Explaining the Red Sox offense problems


It wasn’t supposed to go like this. After 26 games of the regular season, the Red Sox are bottom of the AL East and struggling to get a grip on their decline. 


Yankees fans looking for the best NY sports betting promos may be enjoying seeing Boston at the wrong end of the AL futures markets, but for Red Sox fans, this has been a nightmare start and it isn’t too difficult to see where the problem lies for this misfiring lineup. 


With 90 runs scored in 26 games, Boston is tied for 24th in the majors. Their 3.5 runs per game average is much lower than last year’s 5.1 runs per game. With a combined batting average of.229 and a slugging percentage of .347, the Red Sox are ranked 18th. The worst concern is a .279 on-base percentage, which ranks 27th in the majors. Offense was supposed to be their strength this year. So, what is going wrong for a lineup that includes Rafael Devers, Trevor Story, Xander Bogaerts and J.D. Martinez?


League-wide problem


Their decline appears to be part of a league-wide trend. Only 10teams own a batting average above .240 this season, down from 18 teams at the end of last season. Meanwhile, the league has produced a dramatic decline in power hitting. Only six teams are slugging at above .400, which is down from the total of 22 for the 2021 season. 


The Yankees lead the majors with 35 home runs, putting them on pace for 227. But that total wouldn’t have broken into the topfive last season and is some way short of the league-leading total of 262 homers that Toronto achieved in 2021. In fact, at the current pace, we are set for a season in which the majority of MLB teams will finish with fewer homers than the worst of last year’s lineups. That suggests a league-wide problem that goes beyond the usual issue of the ball not traveling as far in the colder weeks of the season. 


The real problem might be the ball. Players have noted that the balls used this season have noticeably higher seams. It is possible that this has been done intentionally to enable pitchers to grip the ball more easily, following the crackdown on the use of sticky materials to boost spin rates. But whatever the reason, the change has had a notable impact on run production. Most significantly, the raised seams create more air resistance, turning home runs into fly outs.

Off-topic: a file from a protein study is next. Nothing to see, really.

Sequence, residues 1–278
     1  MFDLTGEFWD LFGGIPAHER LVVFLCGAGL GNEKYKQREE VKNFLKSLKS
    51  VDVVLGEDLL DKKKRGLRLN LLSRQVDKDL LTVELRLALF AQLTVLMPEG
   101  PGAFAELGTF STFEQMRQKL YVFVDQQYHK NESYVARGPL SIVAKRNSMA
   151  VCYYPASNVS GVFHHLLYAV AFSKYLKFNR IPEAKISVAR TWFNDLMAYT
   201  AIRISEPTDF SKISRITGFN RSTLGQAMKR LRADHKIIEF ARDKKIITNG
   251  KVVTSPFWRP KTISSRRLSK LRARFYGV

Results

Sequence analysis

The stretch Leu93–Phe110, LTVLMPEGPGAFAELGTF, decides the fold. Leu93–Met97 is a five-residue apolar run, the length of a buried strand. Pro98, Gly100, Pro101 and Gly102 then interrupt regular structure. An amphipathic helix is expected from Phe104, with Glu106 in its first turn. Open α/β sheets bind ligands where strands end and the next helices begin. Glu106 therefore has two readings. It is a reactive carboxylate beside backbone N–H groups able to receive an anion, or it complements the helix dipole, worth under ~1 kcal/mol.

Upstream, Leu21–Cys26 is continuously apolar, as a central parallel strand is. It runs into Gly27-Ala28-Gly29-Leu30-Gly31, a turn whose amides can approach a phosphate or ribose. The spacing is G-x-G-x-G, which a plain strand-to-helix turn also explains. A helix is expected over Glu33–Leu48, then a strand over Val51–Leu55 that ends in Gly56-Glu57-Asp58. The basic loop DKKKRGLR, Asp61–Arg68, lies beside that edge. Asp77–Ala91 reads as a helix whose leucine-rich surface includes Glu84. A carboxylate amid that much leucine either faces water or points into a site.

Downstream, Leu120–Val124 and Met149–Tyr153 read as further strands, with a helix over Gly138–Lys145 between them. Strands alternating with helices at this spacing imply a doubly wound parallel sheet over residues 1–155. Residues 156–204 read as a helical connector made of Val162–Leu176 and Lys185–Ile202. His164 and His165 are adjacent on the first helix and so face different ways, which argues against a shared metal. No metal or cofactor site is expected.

And there is a particular reason why this may affect Boston more than other teams. The Red Sox were second in the majors last year when it comes to balls in play, and in fact, their strikeout percentage is slightly lower than last season. They are actually putting the ball into play more than last year yet their Batting Average on Balls In Play stats are way down as the ball changes have upset their slugging. 


Lack of depth


The lockout caused a shortened training period but this has affected the Red Sox more significantly than other teams, with several key players suffering disrupted starts and injuries. 


The most obvious example is Trevor Story. He is sure to be a huge addition to the lineup in the long term but has had a rushed introduction. The lockout and then the birth of his child meant that he had hardly any time to prepare for the season, making only 12 plate appearances in spring training. 


Rushing through a limited training camp put players at increased risk of injury. Chris Sale suffered a rib injury even before camp opened. Xander Bogaerts injured his hamstring on Opening Day, then went 2-for-18 in his next five games, plainly hampered for several days while the hamstring tightness persisted. J.D. Martinez has also missed games due to discomfort in his left adductor.


What is the significance of this? Because the Red Sox lack depth to cover for an injury to one of their great players, any lineup will be shortened by removing a productive bat for an automatic out.


Reason for optimism


The good news for Red Sox fans is that these aren’t long-term issues. The star players in the lineup will start to find their rhythm as the season goes on, and there are a number ofvaluable prospects who could emerge later in the summer tohelp enhance the roster. There will also be options before thetrade deadline. We can be fairly sure that the Red Sox’s current roster isn’t the one they’ll have at the end of the season, and there is plenty of time yet for them to turn things around.